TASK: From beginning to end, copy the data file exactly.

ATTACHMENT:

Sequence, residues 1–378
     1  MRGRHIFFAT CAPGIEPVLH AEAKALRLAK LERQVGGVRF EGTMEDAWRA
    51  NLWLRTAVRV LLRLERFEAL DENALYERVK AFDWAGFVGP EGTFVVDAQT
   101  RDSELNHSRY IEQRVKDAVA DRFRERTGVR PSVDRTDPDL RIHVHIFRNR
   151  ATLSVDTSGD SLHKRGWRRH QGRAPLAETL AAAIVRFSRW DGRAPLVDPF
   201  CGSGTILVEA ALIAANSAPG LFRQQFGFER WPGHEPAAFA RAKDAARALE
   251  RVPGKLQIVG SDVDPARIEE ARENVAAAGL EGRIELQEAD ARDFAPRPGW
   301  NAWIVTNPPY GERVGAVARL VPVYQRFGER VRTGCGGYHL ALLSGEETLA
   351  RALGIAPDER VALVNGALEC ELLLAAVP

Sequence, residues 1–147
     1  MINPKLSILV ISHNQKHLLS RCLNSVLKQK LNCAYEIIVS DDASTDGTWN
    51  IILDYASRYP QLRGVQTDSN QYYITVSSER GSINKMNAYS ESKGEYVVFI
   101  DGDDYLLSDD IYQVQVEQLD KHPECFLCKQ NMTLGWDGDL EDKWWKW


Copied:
Sequence, residues 1–378
     1  MRGRHIFFAT CAPGIEPVLH AEAKALRLAK LERQVGGVRF EGTMEDAWRA
    51  NLWLRTAVRV LLRLERFEAL DENALYERVK AFDWAGFVGP EGTFVVDAQT
   101  RDSELNHSRY IEQRVKDAVA DRFRERTGVR PSVDRTDPDL RIHVHIFRNR
   151  ATLSVDTSGD SLHKRGWRRH QGRAPLAETL AAAIVRFSRW DGRAPLVDPF
   201  CGSGTILVEA ALIAANSAPG LFRQQFGFER WPGHEPAAFA RAKDAARALE
   251  RVPGKLQIVG SDVDPARIEE ARENVAAAGL EGRIELQEAD ARDFAPRPGW
   301  NAWIVTNPPY GERVGAVARL VPVYQRFGER VRTGCGGYHL ALLSGEETLA
   351  RALGIAPDER VALVNGALEC ELLLAAVP

Sequence, residues 1–147
     1  MINPKLSILV ISHNQKHLLS RCLNSVLKQK LNCAYEIIVS DDASTDGTWN
    51  IILDYASRYP QLRGVQTDSN QYYITVSSER GSINKMNAYS ESKGEYVVFI
   101  DGDDYLLSDD IYQVQVEQLD KHPECFLCKQ NMTLGWDGDL EDKWWKW